HON Rethinks Engagement to Create Loyalty for Life

HON FurnitureFor years companies have implemented employee engagement and incentive programs that largely focus on a “do this, get that” reward strategy. What happens if a company challenges this norm and places an emphasis on what appeals to and motivates each individual? Comprehensive engagement programs that are grounded in neuroscience can equip organizations to better understand, enable and motivate their workforces. 

Organizations often identify knowledgeable, productive and supportive employees, but fail to acknowledge individual motivational drivers, a key element of employee satisfaction. By understanding people and their values, there’s a greater chance of developing true loyalty. 

For instance, The HON Company, a leading office furniture manufacturer based in Muscatine, Iowa, has successfully operated a channel incentive program for nearly 20 years to reward dealers and dealer sales representatives (DSRs). After researching trends with incentive programs, Stanley Askren, the chairman and CEO of HNI Corporation, HON’s parent company, realized the need for a refreshed loyalty program that recognized and rewarded each sales representative based on what personally motivated them. 

Stanley Askren posed a question to his team, “I am a customer for life for one airline—how do I get our DSRs to be HON DSRs, for life?” 

Through a partnership with Maritz Motivation Solutions, HON developed a better understanding of sales representatives’ lifetime value. Maritz developed an approach called “DSR for Life,” a process that identifies and segments sales representatives based on data that determines their lifetime value. By carefully considering involvement and accomplishments of DSRs, HON could predict the best and most engaged representatives over time, so marketing budgets could be targeted to create the highest return.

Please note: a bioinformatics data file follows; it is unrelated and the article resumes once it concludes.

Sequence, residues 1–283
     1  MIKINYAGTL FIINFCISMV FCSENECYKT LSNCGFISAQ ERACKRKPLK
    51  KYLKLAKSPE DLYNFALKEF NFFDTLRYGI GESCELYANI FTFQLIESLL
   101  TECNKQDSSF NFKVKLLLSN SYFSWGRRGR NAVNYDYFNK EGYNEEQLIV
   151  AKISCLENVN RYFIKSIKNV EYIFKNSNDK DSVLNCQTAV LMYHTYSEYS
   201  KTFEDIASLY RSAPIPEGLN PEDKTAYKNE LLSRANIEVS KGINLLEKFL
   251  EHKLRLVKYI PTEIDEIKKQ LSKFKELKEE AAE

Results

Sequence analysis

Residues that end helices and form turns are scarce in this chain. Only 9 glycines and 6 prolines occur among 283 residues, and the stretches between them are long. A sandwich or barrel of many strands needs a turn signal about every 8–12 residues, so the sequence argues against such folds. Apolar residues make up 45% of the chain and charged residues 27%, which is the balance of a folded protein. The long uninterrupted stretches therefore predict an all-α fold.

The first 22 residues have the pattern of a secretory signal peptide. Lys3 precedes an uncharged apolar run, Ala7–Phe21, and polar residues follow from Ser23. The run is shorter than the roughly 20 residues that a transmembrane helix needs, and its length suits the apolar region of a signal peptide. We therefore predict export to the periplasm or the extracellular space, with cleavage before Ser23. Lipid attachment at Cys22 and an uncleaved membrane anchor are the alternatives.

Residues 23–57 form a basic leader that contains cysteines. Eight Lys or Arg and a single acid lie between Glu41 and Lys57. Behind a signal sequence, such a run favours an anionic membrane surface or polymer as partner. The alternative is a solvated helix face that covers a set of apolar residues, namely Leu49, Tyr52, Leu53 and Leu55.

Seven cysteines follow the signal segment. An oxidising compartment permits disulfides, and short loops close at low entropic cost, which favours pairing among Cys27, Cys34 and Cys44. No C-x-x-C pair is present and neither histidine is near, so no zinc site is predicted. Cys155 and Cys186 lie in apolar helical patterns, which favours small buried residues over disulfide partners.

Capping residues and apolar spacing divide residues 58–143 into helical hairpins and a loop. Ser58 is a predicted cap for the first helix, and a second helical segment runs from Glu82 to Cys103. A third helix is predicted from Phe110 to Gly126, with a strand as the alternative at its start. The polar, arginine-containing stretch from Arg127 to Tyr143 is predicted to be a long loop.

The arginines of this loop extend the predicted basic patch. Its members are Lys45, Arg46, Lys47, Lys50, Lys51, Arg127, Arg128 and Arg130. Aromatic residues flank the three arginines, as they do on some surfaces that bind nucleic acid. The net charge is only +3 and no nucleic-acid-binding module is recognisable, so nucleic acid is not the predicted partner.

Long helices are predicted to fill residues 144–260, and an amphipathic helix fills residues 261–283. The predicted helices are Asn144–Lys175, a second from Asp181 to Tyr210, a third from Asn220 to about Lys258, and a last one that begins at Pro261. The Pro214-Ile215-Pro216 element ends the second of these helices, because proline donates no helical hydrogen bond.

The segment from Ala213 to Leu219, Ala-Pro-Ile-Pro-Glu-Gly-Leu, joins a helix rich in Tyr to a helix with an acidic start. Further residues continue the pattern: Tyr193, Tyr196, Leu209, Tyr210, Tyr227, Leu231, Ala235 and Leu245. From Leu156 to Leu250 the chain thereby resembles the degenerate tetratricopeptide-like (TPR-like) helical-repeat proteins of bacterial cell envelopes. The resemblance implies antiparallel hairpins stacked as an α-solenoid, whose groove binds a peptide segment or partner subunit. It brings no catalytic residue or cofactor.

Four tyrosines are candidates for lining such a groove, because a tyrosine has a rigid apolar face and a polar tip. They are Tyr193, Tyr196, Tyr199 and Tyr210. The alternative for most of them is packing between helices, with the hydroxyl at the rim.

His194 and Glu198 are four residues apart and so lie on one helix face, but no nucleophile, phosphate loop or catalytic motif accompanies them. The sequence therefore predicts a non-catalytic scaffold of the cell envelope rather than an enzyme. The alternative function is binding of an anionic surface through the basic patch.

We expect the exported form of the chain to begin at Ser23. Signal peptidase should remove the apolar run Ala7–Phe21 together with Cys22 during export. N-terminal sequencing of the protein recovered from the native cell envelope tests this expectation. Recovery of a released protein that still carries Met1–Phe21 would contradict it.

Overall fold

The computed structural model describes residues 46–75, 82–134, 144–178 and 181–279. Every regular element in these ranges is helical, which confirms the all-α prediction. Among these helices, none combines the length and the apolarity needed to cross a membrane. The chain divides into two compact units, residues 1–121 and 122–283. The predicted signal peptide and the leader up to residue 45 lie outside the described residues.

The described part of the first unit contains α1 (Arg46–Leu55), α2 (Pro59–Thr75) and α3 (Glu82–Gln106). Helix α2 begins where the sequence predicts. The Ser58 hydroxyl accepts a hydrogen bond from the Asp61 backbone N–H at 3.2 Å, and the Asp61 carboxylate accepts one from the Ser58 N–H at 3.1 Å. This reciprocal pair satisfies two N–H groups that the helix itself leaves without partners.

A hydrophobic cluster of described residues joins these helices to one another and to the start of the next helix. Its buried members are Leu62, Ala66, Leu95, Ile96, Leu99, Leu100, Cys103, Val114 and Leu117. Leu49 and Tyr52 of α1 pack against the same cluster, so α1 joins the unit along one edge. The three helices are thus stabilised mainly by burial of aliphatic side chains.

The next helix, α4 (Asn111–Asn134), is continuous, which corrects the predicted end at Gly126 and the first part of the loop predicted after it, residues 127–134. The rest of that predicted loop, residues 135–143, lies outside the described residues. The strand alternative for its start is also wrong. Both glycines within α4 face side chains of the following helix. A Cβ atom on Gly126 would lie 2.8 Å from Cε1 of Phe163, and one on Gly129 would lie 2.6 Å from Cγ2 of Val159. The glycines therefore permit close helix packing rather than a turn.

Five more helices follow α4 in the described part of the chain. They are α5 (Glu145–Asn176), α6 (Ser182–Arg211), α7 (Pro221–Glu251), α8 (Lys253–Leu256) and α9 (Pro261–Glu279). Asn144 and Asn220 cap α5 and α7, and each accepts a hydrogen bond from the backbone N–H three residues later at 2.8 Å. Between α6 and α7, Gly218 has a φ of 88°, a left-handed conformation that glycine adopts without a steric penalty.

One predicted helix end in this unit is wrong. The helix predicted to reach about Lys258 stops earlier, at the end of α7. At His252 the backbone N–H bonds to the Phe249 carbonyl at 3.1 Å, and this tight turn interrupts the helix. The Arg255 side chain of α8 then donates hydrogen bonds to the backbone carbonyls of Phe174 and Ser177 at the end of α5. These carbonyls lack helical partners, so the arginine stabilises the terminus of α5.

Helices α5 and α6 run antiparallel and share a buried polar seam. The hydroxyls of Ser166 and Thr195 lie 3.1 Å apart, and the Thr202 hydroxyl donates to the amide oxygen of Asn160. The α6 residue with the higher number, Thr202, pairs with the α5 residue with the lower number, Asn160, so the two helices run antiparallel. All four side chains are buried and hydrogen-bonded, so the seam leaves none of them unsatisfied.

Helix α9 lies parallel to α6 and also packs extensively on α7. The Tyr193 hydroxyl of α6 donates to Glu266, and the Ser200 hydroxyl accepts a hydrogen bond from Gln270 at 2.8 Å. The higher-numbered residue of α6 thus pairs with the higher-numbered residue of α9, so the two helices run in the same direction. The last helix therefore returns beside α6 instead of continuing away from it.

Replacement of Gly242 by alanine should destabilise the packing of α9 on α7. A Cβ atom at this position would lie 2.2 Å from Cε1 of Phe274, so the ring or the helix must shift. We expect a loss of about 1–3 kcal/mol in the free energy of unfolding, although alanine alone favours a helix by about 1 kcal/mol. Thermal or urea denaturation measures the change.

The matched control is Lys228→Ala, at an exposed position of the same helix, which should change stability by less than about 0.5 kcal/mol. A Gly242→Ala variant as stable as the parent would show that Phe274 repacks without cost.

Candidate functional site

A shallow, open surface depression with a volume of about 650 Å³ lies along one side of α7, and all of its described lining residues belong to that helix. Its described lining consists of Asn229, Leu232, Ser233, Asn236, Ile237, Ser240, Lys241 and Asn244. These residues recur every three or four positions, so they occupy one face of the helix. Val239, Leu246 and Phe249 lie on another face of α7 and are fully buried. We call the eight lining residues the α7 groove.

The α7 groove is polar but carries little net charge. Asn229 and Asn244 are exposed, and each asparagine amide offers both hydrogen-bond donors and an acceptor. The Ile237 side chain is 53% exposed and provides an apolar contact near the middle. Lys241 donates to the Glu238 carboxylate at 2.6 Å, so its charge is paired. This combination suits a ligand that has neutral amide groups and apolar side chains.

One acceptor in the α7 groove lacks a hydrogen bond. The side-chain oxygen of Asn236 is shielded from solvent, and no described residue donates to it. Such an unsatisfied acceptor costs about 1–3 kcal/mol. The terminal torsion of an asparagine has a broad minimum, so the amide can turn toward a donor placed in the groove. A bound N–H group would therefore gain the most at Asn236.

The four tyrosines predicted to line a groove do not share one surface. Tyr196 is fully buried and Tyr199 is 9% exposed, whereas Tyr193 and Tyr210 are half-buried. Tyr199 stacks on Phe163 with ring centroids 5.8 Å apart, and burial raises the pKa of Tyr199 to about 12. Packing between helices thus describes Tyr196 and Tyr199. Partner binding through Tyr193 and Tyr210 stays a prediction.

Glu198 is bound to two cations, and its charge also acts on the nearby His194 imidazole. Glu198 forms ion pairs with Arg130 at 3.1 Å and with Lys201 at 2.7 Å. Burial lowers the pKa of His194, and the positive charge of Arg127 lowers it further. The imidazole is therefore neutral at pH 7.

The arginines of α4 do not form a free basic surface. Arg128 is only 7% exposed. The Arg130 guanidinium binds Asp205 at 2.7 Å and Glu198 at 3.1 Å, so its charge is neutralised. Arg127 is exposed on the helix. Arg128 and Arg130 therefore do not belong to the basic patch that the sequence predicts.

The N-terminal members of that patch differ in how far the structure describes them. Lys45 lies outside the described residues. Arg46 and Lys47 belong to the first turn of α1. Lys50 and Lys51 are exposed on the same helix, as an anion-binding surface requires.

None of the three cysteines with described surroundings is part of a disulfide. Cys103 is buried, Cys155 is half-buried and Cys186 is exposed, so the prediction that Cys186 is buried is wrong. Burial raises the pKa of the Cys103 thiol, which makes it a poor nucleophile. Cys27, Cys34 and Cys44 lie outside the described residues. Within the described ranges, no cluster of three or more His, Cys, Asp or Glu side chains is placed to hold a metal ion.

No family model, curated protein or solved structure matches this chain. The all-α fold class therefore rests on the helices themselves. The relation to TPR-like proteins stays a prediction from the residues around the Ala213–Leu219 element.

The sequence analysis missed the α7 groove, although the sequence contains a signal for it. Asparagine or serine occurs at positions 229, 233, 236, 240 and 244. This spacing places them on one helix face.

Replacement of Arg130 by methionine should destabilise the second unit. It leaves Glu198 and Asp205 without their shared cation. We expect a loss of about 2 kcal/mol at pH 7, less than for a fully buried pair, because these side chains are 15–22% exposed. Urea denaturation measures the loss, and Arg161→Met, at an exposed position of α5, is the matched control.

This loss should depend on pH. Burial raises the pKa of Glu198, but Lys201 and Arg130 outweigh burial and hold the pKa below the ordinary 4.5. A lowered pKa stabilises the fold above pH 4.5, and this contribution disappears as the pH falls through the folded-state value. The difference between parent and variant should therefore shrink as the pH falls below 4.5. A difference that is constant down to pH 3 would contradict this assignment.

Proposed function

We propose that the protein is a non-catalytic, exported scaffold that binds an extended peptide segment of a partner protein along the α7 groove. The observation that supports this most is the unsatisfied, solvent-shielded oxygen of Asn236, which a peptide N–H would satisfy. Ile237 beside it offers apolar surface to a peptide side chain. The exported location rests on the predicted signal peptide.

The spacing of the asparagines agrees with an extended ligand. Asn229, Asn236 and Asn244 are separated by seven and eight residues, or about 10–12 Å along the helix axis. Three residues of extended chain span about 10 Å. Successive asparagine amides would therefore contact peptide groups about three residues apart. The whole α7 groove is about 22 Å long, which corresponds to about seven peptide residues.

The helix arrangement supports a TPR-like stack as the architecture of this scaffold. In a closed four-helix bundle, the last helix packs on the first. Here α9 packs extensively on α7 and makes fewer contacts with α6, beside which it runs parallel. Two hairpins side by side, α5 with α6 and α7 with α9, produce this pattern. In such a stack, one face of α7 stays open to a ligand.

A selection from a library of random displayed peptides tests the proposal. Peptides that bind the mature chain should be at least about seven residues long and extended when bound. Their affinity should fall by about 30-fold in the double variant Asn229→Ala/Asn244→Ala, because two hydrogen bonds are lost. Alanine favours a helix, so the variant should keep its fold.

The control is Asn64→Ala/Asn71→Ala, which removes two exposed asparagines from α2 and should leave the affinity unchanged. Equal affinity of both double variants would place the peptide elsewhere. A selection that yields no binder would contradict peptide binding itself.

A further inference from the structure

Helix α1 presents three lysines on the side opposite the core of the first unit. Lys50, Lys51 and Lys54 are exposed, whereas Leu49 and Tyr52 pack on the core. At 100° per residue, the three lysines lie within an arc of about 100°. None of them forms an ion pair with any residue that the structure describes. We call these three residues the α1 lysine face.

“The HON brand is the essence of our strategy. The HONORS program helps us to connect in a targeted way to our most loyal DSRs, making HON the brand that they prefer to sell, while rewarding them for their efforts,” added Shelley deSilva, vice president of marketing at HON. 

This innovative approach drives deeper engagement, helps predict future profits, and provides enhanced reward and recognition offers, while at the same time identifying high-value and at-risk representatives. The program also created a brand community that let the sales channel regularly interact with HON. 

Another key differentiator of the HONORS loyalty program is the tiered structure under which participants earn rewards and recognition. DSRs were grouped in tiers based on prior program performance. As sales representatives grew into a new tier, their status grew within the organization, earning them additional perks and privileges. The program offers flexibility, giving participants the opportunity to purchase their own merchandise based on performance tier. The top 50 DSRs and their guests earn an incentive trip accompanied by a recognition ceremony. 

Thanks to the tiered structure, targeted impactful communications strategy and lifetime value modeling, HON HONORS exceeded preliminary program objectives. In the first year, DSR enrollment increased 10 percent with a 13 percent increase in sales. All tiers increased 100 percent in average and total sales. Employee lifetime value improved significantly, with a return on investment value of nearly three to one. Many of HON’s DSRs have regularly moved up the tiers in the last year. 

What can other organizations learn from the HON HONORS program? An engaged employee or sales partner can be your company’s best asset, especially in the way they serve customers, anticipate needs and act as brand advocates. 

If companies start to better understand its people and individual motivational drivers, they will start to see greater employee retention and deeper loyalty overall. It’s time for talent leaders to give up on one-size-fits-all recognition and begin paying closer attention to the individuals who are contributing to success. 

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